It is an enormous privilege to become Mayor of our great city, especially as 2021 marks the four hundredth anniversary of the Charter that created the role of the mayor an the three hundredth of the Guildhall, one of the most iconic municipal civic buildings in England. When I moved to the city just over thirty years ago, I never dreamt of becoming Mayor -and what a time it is, to become so.
The last fifteen months have not been easy as our lives have been put on hold due to Covid, and not only have loved ones been lost but we have not been able to enjoy the many pleasures that living in Worcester allows. This is why the theme of my mayoral year is ‘coming back together to celebrate our great city’. I hope that as the Covid restrictions are lifted, we can do exactly that.
The day before I became mayor at the Annual Council on 18 May my wife Councillor Lucy Hodgson, who is now the mayoress and a former mayor herself, were delighted to attend the civic banquet of the outgoing mayor Councillor Jo Hodges. I realise how lucky I am, as future events start to become reality – something my predecessor could not do.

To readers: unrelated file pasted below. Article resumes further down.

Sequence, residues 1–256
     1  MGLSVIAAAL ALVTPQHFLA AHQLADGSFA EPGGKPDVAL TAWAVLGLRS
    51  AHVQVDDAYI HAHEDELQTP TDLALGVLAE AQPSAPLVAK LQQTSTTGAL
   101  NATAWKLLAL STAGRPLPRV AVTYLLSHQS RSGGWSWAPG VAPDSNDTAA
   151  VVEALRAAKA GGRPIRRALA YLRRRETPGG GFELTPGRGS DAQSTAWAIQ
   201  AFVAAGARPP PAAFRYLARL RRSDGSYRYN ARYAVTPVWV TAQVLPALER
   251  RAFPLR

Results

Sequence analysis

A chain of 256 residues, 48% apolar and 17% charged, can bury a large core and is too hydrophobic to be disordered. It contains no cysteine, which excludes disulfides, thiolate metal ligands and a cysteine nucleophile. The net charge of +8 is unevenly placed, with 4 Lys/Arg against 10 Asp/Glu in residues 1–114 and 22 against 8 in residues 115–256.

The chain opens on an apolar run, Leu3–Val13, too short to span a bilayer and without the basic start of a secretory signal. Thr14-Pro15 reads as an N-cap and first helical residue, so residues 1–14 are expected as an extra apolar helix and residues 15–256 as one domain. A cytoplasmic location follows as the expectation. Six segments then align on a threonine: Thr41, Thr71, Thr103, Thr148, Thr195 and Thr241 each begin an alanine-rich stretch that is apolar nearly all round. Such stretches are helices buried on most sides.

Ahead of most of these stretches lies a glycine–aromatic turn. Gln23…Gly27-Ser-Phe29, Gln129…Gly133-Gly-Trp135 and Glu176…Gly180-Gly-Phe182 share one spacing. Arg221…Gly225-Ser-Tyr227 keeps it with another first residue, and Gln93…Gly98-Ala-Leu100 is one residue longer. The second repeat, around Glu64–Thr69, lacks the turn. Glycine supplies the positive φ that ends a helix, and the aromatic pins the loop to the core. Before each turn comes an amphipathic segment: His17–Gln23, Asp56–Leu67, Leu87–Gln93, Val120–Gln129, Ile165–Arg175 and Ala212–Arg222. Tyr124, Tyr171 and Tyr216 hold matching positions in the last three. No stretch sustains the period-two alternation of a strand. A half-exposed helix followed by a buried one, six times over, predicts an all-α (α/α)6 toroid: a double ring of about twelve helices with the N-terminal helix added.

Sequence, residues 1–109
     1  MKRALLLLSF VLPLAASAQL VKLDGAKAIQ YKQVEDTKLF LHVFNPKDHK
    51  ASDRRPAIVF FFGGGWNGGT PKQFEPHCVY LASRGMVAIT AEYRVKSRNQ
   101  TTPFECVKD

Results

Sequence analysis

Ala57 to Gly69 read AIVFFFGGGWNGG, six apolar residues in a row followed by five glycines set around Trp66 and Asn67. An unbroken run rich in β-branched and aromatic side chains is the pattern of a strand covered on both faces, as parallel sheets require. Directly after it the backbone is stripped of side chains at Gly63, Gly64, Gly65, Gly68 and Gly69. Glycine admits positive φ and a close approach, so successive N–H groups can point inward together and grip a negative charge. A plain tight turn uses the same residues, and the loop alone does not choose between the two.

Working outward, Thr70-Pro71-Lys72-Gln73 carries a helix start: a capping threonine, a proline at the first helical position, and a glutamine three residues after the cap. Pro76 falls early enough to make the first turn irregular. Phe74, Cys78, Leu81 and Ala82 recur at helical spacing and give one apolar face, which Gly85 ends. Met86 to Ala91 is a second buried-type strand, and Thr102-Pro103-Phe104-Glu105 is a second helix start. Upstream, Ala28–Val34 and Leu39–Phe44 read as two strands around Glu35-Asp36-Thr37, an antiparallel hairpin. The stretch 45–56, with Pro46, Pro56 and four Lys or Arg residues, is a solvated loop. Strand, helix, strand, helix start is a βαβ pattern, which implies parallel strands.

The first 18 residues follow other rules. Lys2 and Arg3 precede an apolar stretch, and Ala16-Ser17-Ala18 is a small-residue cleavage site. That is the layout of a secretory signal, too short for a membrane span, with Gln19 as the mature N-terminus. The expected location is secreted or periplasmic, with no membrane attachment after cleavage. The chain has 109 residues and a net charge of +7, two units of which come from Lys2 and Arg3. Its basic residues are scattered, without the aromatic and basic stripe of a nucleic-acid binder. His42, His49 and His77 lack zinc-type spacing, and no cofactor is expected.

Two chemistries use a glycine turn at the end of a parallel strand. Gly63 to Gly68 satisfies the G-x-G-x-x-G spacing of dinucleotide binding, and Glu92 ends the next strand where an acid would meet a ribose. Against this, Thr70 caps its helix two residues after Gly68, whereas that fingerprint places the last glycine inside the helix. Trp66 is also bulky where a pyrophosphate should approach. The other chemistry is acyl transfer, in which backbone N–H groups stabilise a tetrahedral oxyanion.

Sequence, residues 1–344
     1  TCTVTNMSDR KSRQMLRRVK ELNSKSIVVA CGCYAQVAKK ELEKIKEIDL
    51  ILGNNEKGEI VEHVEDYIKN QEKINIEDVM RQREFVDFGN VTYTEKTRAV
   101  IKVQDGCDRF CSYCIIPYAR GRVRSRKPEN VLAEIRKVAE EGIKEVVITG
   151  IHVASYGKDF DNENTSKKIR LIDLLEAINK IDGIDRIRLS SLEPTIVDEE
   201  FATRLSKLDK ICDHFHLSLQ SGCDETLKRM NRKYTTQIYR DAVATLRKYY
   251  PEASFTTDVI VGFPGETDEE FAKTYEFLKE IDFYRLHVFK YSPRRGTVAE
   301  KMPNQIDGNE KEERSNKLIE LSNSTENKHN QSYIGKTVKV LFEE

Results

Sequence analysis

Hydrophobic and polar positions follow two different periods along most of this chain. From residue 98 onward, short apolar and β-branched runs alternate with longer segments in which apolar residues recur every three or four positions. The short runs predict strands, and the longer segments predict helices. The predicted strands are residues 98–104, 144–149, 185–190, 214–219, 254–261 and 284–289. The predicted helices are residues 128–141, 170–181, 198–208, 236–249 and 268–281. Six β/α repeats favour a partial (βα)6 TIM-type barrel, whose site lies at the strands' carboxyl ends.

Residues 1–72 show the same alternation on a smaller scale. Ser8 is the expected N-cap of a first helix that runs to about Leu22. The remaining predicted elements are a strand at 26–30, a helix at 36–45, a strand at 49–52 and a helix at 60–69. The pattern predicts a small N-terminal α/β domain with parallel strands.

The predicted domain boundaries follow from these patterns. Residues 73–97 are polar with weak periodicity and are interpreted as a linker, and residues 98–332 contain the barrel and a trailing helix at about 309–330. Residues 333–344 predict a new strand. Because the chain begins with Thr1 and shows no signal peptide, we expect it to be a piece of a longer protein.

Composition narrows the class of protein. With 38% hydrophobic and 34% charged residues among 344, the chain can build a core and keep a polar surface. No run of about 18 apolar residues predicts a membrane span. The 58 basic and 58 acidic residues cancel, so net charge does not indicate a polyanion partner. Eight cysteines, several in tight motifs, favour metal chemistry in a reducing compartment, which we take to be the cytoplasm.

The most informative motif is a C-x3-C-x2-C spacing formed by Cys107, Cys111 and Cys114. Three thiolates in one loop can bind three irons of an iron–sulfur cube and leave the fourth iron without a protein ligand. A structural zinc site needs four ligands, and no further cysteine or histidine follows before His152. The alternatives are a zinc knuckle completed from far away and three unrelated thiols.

On Saturday 22 June I took part in my first engagement as mayor attending the Civic Service for Councillor Kate Haigh the outgoing mayor of Gloucester. It was a privilege to sit in the quire at Gloucester Cathedral and hear the cathedral choir. I look forward to welcoming the Gloucester civic party in July when they come to Worcester for the opening of the Three Choirs Festival.
I have chosen two charities that mean a lot to my wife Councillor Lucy Hodgson and myself; The Stroke Association and ASPIE, a Worcester based charity helping adults with Asperger’s. Lucy had a stroke in March and is now making a good recovery and received support from the Stroke charity who have activities in the city. ASPIE, based in Sansome Walk was founded in 2011 by the late Sarah Micklewright, whose work is proving valuable to adults who felt particularly isolated during Covid lockdown.